If you are ever in Boston, it is worth a few minutes of your time to pay a visit to the John Adams Courthouse. The interior architecture is pretty neat, it is full of history (Oliver Wendell Holmes was here), and it is one of the few places in the country where the state’s supreme court is actually below the intermediate appellate court.
On that last one, we’re being very technical and a bit cheeky: yes, the Massachusetts Supreme Judicial Court is indeed the “supreme” court jurisdiction-wise, but it is located on the second floor, while the Appeals Court is on the third.
Our story today takes place in the SJC (courtroom depicted above).
In Abuzahra v. City of Cambridge, No. SJC-12920 (Feb. 17, 2021), the court was faced with what to do in a quick take: can an owner who accepts the pro tanto payment (aka the deposit) also challenge the validity of the taking. Under many (most?) jurisdictions’ quick take procedures, the statute puts a price tag on the owner’s withdrawal of the deposit: doing so abandons all defenses to the condemnation except arguments for more compensation. In short, if you take the money, you cannot challenge the power to take.
But Massachusetts’ quick take statute doesn’t say that. Instead, it only says that after the order of taking is recorded and title to the property passes to the condemnor (with the corresponding right to compensation vesting in the owner), that within 60 days, the condemnor must offer pro tanto damages which become “immediately available” to the owner, if desired. If the owner accepts the pro tanto payment, she may choose to claim a larger sum:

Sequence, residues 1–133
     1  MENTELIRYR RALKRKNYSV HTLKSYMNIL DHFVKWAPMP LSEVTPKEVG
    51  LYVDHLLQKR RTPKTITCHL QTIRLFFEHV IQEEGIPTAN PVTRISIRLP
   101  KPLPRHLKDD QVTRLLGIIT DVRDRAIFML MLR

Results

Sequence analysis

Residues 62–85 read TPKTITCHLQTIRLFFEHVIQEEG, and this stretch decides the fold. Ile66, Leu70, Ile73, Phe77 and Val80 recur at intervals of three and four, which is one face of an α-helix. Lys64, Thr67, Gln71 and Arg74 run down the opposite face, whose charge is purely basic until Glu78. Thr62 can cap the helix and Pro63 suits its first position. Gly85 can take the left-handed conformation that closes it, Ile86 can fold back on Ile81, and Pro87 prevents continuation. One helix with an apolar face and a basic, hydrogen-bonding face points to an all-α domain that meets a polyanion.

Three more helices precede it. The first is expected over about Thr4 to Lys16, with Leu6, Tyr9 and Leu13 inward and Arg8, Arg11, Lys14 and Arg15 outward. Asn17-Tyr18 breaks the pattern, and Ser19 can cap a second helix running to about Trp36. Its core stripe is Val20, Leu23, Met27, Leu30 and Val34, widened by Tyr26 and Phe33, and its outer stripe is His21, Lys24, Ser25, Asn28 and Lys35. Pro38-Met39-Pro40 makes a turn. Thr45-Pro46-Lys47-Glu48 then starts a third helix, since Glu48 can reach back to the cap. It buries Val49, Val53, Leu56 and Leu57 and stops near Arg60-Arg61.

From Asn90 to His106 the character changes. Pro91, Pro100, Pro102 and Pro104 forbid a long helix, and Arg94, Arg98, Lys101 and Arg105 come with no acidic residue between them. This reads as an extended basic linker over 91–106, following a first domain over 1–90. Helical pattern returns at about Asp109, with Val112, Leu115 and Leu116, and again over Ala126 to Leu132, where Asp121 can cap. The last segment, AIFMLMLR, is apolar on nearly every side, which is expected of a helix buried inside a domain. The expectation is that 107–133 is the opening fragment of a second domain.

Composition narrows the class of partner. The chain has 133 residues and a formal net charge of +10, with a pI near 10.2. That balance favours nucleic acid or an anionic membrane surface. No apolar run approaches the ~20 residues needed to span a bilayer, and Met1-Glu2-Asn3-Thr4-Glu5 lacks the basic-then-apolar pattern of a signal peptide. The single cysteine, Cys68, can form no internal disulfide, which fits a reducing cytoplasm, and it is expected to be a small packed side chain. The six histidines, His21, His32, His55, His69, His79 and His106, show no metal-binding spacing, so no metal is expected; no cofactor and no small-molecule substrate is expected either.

“If such person elects to accept the offer as a pro tanto payment, such election shall be without prejudice to or waiver or surrender of any right to claim a larger sum by proceeding before an appropriate tribunal.” Furthermore, “[a]fter a pro tanto payment has been made or after an offer of payment has been made in writing as required by this section and not accepted, no interest shall be recovered except upon such amount of damages as shall upon final adjudication be in excess of said payment or in excess of the written offer of payment as herein described.”
Slip op. at 6. Compare Massachusetts’ statute quoted above, with, for example, Hawaii’s statute, which provides that “payment to any party as aforesaid shall be held to constitute an abandonment by the party of all defenses interposed by the party, excepting the party’s claim for greater compensation or damages.” The Mass stat is missing similar language.
The question in Abuzahra was whether the missing language leaves an owner with the choice of challenging the taking even after it takes the pro tanto payment. The owner believed the lack of forfeiture or abandonment language meant that he could both take the quick take deposit and challenge the validity of the take. The judge agreed with the owner, and after the city appealed to the appeals court (third floor), the SJC transferred the case to the second floor.
The case turned on statutory interpretation, and the idea that quick take is in derogation of the common law, along with the “vibe” that “eminent domain is an exercise of one of the highest powers of government.” Slip op. at 8. Quick takes are even more onerous: